On Monday, the U.S. Supreme Court ruled to turn away appeals, determining that marriage bans are unconstitutional in Virginia. West Virginia, North and South Carolina should soon follow suit as judges in each state follow through on the appellate court’s orders.
This is the legal apex of a controversy that has existed…forever.
It has inched its way center stage since Maine and Maryland legally legitimized gay marriage in 2012 and when North Carolina passed an amendment called “Amendment One” which conversely defined marriage within the state constitution as being strictly between “one man and one woman.”
Earlier the California 9th Circuit Court of Appeals ruled that Proposition 8, which eliminated the right of same sex couples to marry, is “un-constitutional” and that was the same ruling the Iowa Supreme Court (New Hampshire, Vermont, Connecticut, Massachusetts, and the District of Columbia, as well) previously determined.
I have been asked why I write so many essays in defense of gay rights. Apparently, some people find it ironic that as a straight man I am so vocal in this matter. There are two answers and they are very simple.
One is personal:
I have many gay friends and they are citizens and human beings as normal and natural as I am and therefore deserve 100% of all the civil rights I am entitled to.
The second is universal:
All civil rights are relevant to all Americans. If we allow the justification of discrimination to any group of people, how can that not preclude a dangerous affront to all the liberties we cherish?
Homosexuality is not a matter of choice. How can we allow negative judgments over a group of people for being who they were born to be? That is immoral and I have witnessed, first hand, persecution and discrimination in the form of condescension, segregation, arrogance and even violence.
This issue effects all of us, whether we know it or not, and to be silent or even passive is, in my opinion, un-American.
Many Iowans misunderstood the ruling of the Iowa Supreme Court that allows same sex marriage. While it may be true that most Iowans do not support the idea and believe that “marriage is the union between a man and a woman,” that does not mean that their determination (even as a majority) is just.
I’ve heard opponents of same sex marriage say that the Iowa Supreme Court overstepped its bounds and “changed the Iowa Constitution.”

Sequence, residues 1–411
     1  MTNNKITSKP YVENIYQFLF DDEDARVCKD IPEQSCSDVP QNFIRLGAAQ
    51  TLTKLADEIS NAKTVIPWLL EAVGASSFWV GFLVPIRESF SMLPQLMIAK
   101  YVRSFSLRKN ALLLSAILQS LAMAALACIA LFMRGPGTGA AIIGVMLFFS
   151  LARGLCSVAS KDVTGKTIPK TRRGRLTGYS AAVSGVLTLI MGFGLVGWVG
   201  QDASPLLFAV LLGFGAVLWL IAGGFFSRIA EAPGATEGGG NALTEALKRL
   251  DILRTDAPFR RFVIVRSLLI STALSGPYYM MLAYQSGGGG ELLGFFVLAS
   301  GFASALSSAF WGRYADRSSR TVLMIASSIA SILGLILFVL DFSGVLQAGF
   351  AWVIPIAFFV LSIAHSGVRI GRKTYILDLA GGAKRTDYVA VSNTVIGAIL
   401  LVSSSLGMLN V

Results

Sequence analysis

No, they did not. The Iowa Supreme Court did not add language to the Constitution to include gay marriage; they ruled that the Constitution does not discriminate in the application of civil rights to all citizens. They ruled that the Constitution cannot add language that does discriminate.
In fact, this is how the Iowa Supreme Court ruled with regard to legalizing same-sex marriage: “Our responsibility…is to protect constitutional rights of individuals from legislative enactments that have denied those rights, even when the rights have not yet been broadly accepted, were at one time unimagined, or challenge a deeply ingrained practice or law viewed to be impervious to the passage of time.”
This is essentially the same determination the U.S. Supreme Court has now made.
Woody Allen once said, “I was raised in the Jewish tradition, taught never to marry a Gentile woman, shave on a Saturday night and, most especially, never to shave a Gentile woman on a Saturday night.”
His quote is silly but it humorously reveals a serious flaw in religious dogma. Religions create rules to differentiate themselves from others so as to propagate that faith, but those rules can be compounded and misconstrued so as to segregate people from one another and lead to injustices.
I’ve heard people say, “If we allow gay marriage where will it stop? We will be marrying goats!” (Seriously, I’ve heard that).
People – slow down! Take a breath. One– the Bible is not the Constitution. Two– men (or women) and barnyard animals will not marry. We are a nation with a charter that protects such rights as they apply to the activities between Human Beings (…although I know some married people who may have been happier with a goat).
The extension and protection of all such rights are not symptomatic of the decay of our civilization, rather it represents our collective morality and the pursuit of Liberty and Justice for all; it is the advancement of civilization.